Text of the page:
Namibia's flagship trophy game species, the kudu, is under threat from rabies that have already devastated record numbers of the antelope and sources in the industry have voiced concern that the outbreak could impact negatively on the hunting season that is due.
Two veterinarians Dr Otto Zapke and Dr Beate Voights confirmed the outbreak, with Dr Zapke saying probably 'thousands' of kudu died in the Omaruru area where recently no cases of the contagious disease have been brought to his attention.
Dr Zapke said the Okahandja and Windhoek areas are showing more prevalence of rabies, while Dr Voights said there is a tendency among farmers not to report cases of the deadly viral disease that can affect all warm-blooded animals and has various known strains.
With over 5 000 trophy hunters, the hunting industry directly generates N$100 million for the country each year and N$200 million is generated indirectly as secondary revenue.
Namibia Professional Hunting Association (NAPHA) affiliated sources revealed the contagion was initially detected at a farm in the Wilhelmstal area before it spread north via farms at Omaruru, Otjiwarongo and then it spread eastwards and scattered southwards.
'It is a flagship species. People come to Namibia because of kudus,' said one source.
Cases of the communicable disease have been reported at Omitara, from where it spread towards Botswana. Some farms around Windhoek have also reported cases of strange behaviour in this antelope, such as frothing at the mouth and not being afraid of people.
There was one strange case in which this beast had to be shot inside a house and one farmer who requested anonymity cited several cases of rabid kudu. Though the meat from the affected animals can be consumed provided the necessary precautions are taken, one of the beasts shot near Windhoek was destroyed because of the severity of the infection.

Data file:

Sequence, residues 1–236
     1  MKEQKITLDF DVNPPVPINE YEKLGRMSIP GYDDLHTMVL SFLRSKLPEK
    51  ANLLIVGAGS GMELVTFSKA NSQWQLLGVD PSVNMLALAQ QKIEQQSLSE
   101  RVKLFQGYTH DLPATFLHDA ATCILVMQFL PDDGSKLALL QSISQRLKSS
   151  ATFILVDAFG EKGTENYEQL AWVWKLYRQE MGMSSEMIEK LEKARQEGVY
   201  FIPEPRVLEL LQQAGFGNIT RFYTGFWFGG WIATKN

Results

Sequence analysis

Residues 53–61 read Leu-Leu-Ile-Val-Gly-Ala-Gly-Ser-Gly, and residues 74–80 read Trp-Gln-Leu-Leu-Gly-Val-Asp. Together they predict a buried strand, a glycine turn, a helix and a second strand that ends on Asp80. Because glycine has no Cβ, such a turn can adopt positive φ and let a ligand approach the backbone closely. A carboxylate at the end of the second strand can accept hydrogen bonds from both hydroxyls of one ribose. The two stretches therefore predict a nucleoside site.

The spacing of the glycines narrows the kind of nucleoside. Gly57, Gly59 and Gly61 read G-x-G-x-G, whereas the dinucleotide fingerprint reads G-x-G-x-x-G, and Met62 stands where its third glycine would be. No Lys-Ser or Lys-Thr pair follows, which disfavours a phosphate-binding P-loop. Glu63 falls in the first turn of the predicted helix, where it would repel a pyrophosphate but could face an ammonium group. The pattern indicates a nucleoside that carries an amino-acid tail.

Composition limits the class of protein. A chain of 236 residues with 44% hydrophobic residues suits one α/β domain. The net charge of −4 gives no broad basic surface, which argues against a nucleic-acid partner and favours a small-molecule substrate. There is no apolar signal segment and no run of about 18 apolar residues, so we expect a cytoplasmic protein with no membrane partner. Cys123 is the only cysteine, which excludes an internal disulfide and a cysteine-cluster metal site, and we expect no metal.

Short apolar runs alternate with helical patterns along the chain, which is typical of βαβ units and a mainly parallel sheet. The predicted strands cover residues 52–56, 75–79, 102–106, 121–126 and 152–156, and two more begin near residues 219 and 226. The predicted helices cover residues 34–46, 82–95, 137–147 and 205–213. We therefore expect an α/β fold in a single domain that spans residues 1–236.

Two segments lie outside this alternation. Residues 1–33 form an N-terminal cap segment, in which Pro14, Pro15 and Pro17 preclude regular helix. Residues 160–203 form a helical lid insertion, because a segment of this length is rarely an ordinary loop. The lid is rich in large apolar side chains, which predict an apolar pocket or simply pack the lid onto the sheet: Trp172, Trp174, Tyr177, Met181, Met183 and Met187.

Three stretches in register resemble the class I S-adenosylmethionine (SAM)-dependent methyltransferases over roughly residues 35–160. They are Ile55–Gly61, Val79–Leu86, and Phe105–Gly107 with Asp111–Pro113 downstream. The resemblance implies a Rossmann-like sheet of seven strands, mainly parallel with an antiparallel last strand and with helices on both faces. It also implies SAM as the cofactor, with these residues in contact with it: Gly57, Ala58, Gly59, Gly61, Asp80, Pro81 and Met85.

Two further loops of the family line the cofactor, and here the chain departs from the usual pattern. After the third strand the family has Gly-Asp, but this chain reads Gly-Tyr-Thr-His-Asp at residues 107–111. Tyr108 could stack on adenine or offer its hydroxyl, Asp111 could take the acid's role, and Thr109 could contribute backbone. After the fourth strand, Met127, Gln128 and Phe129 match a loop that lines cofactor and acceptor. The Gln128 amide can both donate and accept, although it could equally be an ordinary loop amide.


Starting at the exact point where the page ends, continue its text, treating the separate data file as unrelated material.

One 12 000-hectare farm suffered game losses of 400 beasts over the past two years of the present outbreak, and other farmers are said to have incurred huge losses of the antelope that is preferred by high-spending trophy hunters who like its majestic, spiral horns.
Sources are saying the present outbreak whose magnitude compares to the contagion that affected the game industry over a seven-year wave in Namibia lasting from 1975 to 1982, is being caused by kudu populations that have increased over the past several years.
There is under-reportage of the outbreak because some farmers are afraid of the negative effects that bad publicity could generate in light of the closeness of the hunting season.
New Era was told kudus that have weakened immunity to rabies when compared to dogs and other animals get infected by eating affected vegetation, while the virus could also get into their bodies through lesions in their mouths caused by shrubs and thorns.
If the virus infects kudu with an incubation period varying from 21 to 365 days it tends to hang its head lower but the most important clinical characteristic of the preliminary phase is behavioural change during which the animal appears tame, salivates excessively, loses appetite, and urinates frequently. After this phase sick animals may either become aggressive or show signs of paralysis.
Kudu occurs throughout Namibia except in the Namib Desert.
When contacted, NAPHA's CEO Joern Wiedow referred all inquiries to Ben Beytell, the Director of Parks and Wildlife Management who was out of town and unavailable.
But Maria Kapere, the Deputy Permanent Secretary in the Ministry of Environment and Tourism who yesterday consulted the Division of Scientific Services after New Era made inquiries on the matter responded: 'Nobody in my ministry knows about this.'
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